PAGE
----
Democratic leaders are also interested in revisiting the issue of how to provide health insurance to California’s 5.3 million people without coverage. A 2003 law mandating that employers provide health benefits was overturned by voters in November, but lawmakers are talking about introducing a revised version. Some on both sides of the aisle are exploring a requirement that individuals have health insurance just as drivers must have licenses.
The early push on healthcare is not surprising because it is one of the few areas where voters trust the Democrats more than Schwarzenegger, according to a post-election poll conducted for Senate Democrats in November.
The internal poll showed that the public had greater faith in Schwarzenegger to reduce the size of state government and improve the economy — traditional Republican strengths — but also to improve public education and transportation, policy areas that many Democrats considered theirs.
Democrats have not yet fleshed out a new approach on housing and transportation. Senate President Pro Tem Don Perata of Oakland said last month that he was intrigued with the idea of overriding local zoning rules to encourage more residences clustered near public transportation.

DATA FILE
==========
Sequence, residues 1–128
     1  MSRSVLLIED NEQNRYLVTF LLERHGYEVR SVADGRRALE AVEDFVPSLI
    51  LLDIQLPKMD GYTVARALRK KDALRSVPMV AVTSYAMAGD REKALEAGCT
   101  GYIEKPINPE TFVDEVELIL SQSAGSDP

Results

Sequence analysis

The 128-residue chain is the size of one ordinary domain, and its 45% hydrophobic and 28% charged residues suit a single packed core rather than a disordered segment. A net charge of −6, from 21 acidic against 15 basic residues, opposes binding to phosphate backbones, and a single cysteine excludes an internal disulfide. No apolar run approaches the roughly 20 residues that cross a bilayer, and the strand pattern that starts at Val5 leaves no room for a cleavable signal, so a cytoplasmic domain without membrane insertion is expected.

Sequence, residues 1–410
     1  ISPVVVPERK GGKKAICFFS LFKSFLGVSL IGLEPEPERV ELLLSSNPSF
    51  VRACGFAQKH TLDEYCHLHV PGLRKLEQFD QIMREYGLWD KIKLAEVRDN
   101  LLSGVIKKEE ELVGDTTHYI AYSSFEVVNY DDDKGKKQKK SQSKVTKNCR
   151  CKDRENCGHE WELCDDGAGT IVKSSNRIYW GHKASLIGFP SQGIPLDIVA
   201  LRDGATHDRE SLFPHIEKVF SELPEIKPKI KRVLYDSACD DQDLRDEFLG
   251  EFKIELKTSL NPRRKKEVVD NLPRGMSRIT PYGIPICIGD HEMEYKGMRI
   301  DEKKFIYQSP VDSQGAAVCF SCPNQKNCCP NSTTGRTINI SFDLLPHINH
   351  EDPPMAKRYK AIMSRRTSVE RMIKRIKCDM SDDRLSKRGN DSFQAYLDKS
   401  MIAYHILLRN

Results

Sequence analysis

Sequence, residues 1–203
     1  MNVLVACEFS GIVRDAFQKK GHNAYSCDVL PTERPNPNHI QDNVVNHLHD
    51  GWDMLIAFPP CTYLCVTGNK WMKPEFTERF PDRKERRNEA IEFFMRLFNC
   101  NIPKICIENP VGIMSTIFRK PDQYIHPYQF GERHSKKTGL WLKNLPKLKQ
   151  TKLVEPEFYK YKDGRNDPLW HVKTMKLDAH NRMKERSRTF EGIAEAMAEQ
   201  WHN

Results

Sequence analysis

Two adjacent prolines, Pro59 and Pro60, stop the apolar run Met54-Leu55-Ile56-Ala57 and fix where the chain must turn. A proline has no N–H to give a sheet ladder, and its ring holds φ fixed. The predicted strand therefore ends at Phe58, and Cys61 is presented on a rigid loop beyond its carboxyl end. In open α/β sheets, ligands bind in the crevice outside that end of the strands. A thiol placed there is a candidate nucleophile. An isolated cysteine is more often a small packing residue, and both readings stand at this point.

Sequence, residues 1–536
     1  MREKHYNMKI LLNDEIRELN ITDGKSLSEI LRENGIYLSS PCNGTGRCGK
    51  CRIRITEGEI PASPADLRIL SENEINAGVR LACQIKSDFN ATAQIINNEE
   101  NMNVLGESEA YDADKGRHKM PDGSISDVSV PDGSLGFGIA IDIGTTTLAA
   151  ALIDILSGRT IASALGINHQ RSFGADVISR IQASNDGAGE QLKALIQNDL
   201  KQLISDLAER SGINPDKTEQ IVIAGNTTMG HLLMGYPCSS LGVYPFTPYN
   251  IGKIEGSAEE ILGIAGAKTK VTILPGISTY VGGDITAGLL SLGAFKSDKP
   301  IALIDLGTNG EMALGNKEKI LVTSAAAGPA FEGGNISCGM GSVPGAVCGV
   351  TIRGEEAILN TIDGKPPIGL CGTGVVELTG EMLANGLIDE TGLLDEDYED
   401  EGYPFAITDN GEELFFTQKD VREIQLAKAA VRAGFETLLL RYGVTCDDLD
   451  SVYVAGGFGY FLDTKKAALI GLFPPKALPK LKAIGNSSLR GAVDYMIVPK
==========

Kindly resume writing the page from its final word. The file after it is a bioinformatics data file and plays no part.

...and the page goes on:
Some of the ideas the Democrats tested in their November poll included requiring local governments to make sure that at least a third of all new housing be for low- and middle-income residents, and having the state build new water storage and desalination plants to prepare for growth. Those ideas won overwhelming support, unlike legalizing same-sex marriages and giving driver’s licenses to illegal immigrants, which did not muster majority support.